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Trekking onward. 

Dr. Lomino in China: February 15

February 15: The Forest at Last

I’ve been waiting all week to see No Boundaries Forest Kindergarten.  The best word I can use for this site is unique.  The entry road is a private driveway belonging to the chicken farmer who rents the land to the school.  It is a rough ride in the school bus, with many potholes.  Upon arrival Michael, the American teacher, leads me inside the courtyard for a quick look at a traditional Chinese farm house. There is an open cooking and dining area with doorways leading to the inner rooms of the house.  Outside along the walls are many bundles of firewood and several new, expensive parked cars.  Michael tells me that this family must be wealthy to own a large property in the middle of Guangzhou.  The free-ranging chicken yard is behind the house and we see many fancy varieties.  Banners on the fence list the price for male and female.  I think maybe they are for purchase to breed and provide eggs, but am told people come here to buy their chickens for eating, already dressed, or taken home live to be killed by the purchaser.

We follow the fence line, up the road to the Forest Kindergarten site.  Boundaries are marked by a thick rope fence.  Large tarps serve as shelters over several table and bench sets—all rustic in appearance.  Two military tents with mosquito netting are set up as sleeping tents.  The wooden floors are raised with steps leading to the doors.  Soon children’s happy voices fill the air as they gather in two circles with their teachers to talk about what they will be doing today.  School guards stand watch along with their guard dog, staying with the children wherever they go. 

Our first walk takes us up a series of concrete steps to the hilltop sports area.  From here we have a 360 degree view of the city.  Among the skyscrapers I see several old temple towers, many abandoned buildings and what appears to be ancient ruins.  It makes me excited to see the historical areas of Guangzhou.  This hilltop site is cleared and planted with sod. There is a playground and basketball court.  This is not a typical Forest Kindergarten, but Michael tells me that it has been designed for children to have an area for morning exercise.

While we are there, several men walk by beyond the perimeter fence.  I am told these are the snake-hunters, hired by the school to make sure the area is free of the venomous reptiles.  There are 35 species of venomous snakes in South China including several varieties of cobras.  I am actually quite relieved to know the school is taking precautionary measures.  Up here there are very few trees and no shelter from the sun.  We don’t stay long.

The children are brought back to the main camp where they enjoy free play.  I am also discovering that children’s play outside here in China looks like children’s play in America.  Playing themes are cross-cultural because children have always learned skills for survival and growth this way—I’ve noticed several basic themes in America and now in China:  1) survival—fighting, war, 2) daily life—cooking, cleaning, etc., 3) artistic play singing, dancing and making things 4) building 5) , The teachers soon move them away because of the dust in the air. They bring out water hoses to moisten the extremely dry ground.  I am told that winter is the dry season here and that is very evident for sure.  I’m sure the whole forest comes to life during the rainy season, soon to come.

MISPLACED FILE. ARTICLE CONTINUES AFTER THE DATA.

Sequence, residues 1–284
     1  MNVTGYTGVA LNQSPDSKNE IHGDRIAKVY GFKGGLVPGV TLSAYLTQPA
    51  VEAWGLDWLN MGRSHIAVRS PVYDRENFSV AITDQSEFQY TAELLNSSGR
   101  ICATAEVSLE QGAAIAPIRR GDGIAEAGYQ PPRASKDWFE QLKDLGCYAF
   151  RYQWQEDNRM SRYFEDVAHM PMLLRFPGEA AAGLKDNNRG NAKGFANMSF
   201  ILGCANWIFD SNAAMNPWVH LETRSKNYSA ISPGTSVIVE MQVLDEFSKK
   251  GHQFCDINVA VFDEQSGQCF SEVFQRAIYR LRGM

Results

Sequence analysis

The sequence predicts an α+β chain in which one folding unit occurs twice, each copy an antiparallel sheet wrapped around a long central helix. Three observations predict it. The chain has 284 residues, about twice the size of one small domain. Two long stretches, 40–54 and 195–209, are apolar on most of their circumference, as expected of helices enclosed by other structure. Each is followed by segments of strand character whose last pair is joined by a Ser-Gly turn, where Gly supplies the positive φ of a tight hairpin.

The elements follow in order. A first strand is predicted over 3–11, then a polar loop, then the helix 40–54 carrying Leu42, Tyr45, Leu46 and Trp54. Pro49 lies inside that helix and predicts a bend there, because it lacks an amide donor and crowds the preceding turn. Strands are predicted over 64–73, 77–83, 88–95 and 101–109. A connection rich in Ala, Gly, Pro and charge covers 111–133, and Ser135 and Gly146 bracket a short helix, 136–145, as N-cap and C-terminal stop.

Dr. She, who is the full-time medical supervisor, takes care of a little boy who got mud in his eyes.  She is very professional and soon has gently and carefully resolved the issue with water and tissues.  After a wonderful meal, many of the children take naps in the sleeping tents along with several of the teachers.  I have learned that typically lunch hour for everyone here is about two hours and includes a rest time, reminiscent of the Latin American siesta.  The roots of this tradition appear to be related to the intense heat that often comes during the middle of the day in South China. It makes good sense!

While the children sleep, I tour the rest of the site with Astrid and Jecky.  We go to the Hidden Jungle where Astrid plans to hang the birdhouses children made at the Factory last week. This is a splendid area for the children to explore with many climbing trees and perfect shelter-making opportunities. 

This has been a good day for a general survey of the FK program and the site.  I have taken many notes and am excited to help the school further develop their Forest Kindergarten.

Today’s Insight:  Seeing children playing and learning in nature here in China reminds me that nature immersion education has benefits far beyond what can be observed.  Becoming friends with the trees, flowers, animals and even the ground itself creates a bond between humans and the rest of the earth. This relationship is being lost in today’s modern world, and Forest Kindergarten is not just a good thing for children, it is absolutely essential for the health of our planet and every part of its ecosystem!

Wauhatchie School